Chalcogenide glass structures within polymer enable flexible photonic devices

Researchers at the University of Delaware (Newark, DE), the College of Optics and Photonics (CREOL) at the University of Central Florida, and IRradiance Glass (both in Orlando, FL) have developed a way to fabricate high-performance, high-index-contrast flexible optical devices that combine chalcogenide glass with polymers.

Chalcogenide glass structures within polymer enable flexible photonic devices
Chalcogenide glass structures within polymer enable flexible photonic devices
Photonic devices created of chalcogenide glass within a polymer are flexible and yet have very low optical losses. (Image: University of Delaware)

Researchers at the University of Delaware (Newark, DE), the College of Optics and Photonics (CREOL) at the University of Central Florida, and IRradiance Glass (both in Orlando, FL) have developed a way to fabricate high-performance, high-index-contrast flexible optical devices that combine chalcogenide glass with polymers.1 Chalcogenide glass is commonly used in infrared optics, optical fibers, camera lenses, and prisms. While the material is not flexible, it is fully compatible with flexible polymers, which allows it to be processed and made into devices.

Using this technique, the researchers have created photonic devices such as waveguides, microdisk resonators, add–drop filters, and photonic crystals.

Glass is placed near the polymer's neutral axis
The researchers exploited the fact that polymers naturally tend to deform (or bend) in certain ways, with some areas remaining strain-free all the time (areas near the mechanical "neutral axis"); by selectively placing the chalcogenide glass photonic device near the neutral axis, they are able to achieve a device with superior flexibility and high optical performance.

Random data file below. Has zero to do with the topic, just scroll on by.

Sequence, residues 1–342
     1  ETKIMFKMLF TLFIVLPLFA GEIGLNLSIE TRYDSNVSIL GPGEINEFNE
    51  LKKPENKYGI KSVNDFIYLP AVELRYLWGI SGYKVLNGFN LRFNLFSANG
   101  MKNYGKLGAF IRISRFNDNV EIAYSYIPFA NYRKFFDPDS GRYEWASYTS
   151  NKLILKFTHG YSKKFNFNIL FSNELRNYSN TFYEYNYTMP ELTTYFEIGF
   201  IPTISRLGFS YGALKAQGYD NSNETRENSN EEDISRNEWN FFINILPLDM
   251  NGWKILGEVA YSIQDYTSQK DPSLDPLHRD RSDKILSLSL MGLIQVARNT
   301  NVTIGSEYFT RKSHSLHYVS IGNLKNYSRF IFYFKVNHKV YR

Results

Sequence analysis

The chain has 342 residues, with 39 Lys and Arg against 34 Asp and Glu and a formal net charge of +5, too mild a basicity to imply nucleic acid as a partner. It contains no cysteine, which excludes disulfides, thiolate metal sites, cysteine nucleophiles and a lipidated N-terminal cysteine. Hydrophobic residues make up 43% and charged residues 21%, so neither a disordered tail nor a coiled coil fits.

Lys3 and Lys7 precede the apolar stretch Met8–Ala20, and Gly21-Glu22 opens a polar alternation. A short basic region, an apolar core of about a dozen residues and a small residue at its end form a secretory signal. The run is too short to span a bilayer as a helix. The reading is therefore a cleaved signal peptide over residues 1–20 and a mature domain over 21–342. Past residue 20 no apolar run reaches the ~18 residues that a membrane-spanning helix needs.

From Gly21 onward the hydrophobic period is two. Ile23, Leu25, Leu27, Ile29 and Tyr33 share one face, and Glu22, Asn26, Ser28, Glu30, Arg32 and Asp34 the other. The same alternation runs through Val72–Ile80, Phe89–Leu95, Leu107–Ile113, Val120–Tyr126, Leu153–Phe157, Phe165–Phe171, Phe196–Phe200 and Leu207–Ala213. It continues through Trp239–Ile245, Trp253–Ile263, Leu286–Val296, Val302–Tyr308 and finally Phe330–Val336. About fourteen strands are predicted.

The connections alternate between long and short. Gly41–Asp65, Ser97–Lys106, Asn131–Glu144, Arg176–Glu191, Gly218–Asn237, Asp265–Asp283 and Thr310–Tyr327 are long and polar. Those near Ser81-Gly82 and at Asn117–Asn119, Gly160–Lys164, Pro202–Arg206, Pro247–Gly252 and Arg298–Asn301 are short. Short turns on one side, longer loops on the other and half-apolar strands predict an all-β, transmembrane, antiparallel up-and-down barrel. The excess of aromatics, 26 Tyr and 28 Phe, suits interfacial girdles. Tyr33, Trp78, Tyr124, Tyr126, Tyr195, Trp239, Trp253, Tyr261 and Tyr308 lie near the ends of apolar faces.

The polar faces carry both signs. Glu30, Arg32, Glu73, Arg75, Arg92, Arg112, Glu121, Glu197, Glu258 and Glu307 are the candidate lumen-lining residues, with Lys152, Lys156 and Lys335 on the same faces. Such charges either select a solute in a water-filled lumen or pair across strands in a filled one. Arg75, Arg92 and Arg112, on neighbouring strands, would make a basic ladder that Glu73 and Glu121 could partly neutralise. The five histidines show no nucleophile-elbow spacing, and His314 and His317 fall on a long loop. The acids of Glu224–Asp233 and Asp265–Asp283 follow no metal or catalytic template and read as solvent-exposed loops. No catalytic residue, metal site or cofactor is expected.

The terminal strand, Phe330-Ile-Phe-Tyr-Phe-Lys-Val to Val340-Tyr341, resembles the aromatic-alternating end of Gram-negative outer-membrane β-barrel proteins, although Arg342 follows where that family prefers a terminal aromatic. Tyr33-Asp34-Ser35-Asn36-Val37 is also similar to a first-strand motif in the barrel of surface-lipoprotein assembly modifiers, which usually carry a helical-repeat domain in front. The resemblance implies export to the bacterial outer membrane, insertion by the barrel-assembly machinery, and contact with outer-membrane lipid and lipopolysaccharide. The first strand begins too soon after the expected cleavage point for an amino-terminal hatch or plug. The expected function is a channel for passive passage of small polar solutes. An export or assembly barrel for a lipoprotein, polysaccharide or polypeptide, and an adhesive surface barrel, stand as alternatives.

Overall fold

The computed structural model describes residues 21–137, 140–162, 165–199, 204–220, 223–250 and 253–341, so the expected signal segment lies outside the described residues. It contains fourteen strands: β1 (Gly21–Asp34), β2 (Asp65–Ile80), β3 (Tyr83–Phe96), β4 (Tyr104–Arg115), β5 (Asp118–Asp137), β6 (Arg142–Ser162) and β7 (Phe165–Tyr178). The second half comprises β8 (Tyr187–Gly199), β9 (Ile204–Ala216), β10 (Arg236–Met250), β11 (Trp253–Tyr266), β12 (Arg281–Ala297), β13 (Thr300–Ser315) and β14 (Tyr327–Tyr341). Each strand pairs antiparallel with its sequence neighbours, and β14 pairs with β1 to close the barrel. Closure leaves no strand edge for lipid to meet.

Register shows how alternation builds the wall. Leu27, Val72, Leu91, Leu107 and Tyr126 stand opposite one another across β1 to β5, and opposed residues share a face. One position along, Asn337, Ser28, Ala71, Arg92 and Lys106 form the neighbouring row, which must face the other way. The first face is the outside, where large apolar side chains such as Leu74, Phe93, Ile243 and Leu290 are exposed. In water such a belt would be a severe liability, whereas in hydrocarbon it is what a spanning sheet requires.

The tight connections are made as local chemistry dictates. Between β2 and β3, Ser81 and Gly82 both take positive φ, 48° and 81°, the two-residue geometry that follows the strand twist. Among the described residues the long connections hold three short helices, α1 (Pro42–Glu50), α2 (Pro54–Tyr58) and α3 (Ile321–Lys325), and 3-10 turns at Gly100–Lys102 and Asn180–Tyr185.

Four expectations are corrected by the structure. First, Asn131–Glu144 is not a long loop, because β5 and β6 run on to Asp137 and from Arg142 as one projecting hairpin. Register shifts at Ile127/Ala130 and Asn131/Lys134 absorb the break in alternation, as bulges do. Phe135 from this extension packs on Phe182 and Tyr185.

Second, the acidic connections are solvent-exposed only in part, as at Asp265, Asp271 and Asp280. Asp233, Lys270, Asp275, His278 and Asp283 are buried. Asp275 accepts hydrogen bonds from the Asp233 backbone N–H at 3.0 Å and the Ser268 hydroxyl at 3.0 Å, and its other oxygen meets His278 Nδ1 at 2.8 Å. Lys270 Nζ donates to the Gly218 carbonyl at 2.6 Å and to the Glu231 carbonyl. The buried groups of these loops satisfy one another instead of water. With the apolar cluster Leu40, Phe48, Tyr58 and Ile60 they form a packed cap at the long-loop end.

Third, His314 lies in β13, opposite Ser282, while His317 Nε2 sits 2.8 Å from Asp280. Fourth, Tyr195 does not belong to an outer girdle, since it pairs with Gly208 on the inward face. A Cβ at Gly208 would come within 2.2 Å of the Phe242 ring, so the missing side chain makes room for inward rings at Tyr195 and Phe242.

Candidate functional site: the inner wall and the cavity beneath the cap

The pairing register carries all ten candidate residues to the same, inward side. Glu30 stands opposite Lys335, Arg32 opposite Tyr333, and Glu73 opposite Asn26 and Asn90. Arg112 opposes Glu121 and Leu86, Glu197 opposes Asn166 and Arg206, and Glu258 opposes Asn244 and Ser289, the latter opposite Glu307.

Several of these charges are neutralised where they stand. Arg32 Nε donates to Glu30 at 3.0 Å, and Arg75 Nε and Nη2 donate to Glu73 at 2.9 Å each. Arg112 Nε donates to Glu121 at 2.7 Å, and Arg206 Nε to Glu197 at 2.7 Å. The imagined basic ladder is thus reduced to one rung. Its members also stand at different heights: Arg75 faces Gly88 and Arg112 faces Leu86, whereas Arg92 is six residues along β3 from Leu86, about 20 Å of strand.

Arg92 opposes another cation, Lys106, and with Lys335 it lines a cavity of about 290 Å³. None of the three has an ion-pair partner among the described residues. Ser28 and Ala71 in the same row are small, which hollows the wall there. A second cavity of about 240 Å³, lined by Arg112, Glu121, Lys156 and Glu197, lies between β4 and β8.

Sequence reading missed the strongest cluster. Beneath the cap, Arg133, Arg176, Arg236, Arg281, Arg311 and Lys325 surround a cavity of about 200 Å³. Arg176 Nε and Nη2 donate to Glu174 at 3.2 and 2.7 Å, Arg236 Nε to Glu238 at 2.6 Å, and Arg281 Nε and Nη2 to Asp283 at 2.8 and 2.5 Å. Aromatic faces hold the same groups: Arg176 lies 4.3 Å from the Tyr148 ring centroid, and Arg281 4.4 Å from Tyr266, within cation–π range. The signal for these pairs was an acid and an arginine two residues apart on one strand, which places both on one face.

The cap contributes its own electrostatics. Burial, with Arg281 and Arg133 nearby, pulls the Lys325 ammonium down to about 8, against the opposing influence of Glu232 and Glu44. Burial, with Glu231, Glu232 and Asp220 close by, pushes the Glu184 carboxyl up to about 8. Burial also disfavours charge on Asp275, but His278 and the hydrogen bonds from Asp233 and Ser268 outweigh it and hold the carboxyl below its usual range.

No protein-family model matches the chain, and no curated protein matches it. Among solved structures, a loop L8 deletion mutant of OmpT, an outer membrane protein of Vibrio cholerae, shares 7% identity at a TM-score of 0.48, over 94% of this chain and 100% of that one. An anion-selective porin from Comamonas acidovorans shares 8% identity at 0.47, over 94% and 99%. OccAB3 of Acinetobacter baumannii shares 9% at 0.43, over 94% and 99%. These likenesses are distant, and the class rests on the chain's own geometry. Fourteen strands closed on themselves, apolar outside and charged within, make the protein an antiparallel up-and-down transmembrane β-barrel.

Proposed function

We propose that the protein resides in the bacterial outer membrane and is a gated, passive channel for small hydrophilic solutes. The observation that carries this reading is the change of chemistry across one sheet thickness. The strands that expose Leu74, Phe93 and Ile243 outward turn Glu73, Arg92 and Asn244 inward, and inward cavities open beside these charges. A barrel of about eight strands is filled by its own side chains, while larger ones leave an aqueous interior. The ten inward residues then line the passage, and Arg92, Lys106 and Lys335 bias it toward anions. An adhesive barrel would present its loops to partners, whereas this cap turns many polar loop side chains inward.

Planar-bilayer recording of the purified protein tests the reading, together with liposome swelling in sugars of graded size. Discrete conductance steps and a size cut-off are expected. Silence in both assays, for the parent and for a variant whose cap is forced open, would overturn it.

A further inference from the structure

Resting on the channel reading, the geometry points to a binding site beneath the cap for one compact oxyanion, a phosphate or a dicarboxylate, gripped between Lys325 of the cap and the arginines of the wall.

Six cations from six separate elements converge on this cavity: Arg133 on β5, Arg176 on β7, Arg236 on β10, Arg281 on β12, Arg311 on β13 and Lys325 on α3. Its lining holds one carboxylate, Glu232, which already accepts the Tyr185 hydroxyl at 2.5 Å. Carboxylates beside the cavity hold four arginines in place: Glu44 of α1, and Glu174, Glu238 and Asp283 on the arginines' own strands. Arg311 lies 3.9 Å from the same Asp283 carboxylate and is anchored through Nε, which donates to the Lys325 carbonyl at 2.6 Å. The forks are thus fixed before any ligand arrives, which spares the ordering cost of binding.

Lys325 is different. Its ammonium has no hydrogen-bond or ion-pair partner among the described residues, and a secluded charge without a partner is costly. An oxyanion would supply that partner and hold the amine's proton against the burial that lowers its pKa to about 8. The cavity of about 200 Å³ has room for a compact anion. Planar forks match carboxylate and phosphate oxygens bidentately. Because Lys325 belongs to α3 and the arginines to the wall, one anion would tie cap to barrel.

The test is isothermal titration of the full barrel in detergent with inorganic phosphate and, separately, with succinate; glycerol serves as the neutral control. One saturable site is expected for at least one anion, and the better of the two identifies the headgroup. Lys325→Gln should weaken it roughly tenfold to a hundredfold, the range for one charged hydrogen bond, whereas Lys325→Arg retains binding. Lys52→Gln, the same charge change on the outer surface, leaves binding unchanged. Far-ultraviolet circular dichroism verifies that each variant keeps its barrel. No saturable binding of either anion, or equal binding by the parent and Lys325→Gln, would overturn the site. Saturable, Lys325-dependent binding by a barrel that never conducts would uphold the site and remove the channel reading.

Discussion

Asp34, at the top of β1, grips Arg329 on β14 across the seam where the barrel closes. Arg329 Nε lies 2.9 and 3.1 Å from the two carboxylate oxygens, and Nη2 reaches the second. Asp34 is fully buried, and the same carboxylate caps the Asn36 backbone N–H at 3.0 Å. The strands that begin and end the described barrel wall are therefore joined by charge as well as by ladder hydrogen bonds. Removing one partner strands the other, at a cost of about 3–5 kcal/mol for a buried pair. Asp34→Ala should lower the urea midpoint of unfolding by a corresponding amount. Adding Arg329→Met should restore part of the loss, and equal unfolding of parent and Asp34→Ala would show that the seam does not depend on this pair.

"The beauty of this technology is that the chalcogenide glass works with almost any type of polymer, allowing it to be used in many ways," explains Juejun Hu, assistant professor of materials science and engineering at the University of Delaware and lead researcher on the project.

In laboratory testing, Hu's device functioned well even when bent to a radius of 0.5 mm more than 5000 times. The device has one of the lowest optical losses for flexible optical devices on record, almost an order of magnitude less than previous devices. Applications for the work include wearable devices, flexible consumer electronics, foldable portable power-generation systems, and sensors that can be integrated on human skin. It also opens the door for photonics to be used in biomedical applications such as flexible electrodes to measure the electrical activity of the brain during an electroencephalogram (EEG).

Source: http://www.udel.edu/udaily/2015/aug/optical-devices-080414.html

REFERENCE:

1. Lan Li et al., Nature Photonics (2014); doi: 10.1038/nphoton.2014.138

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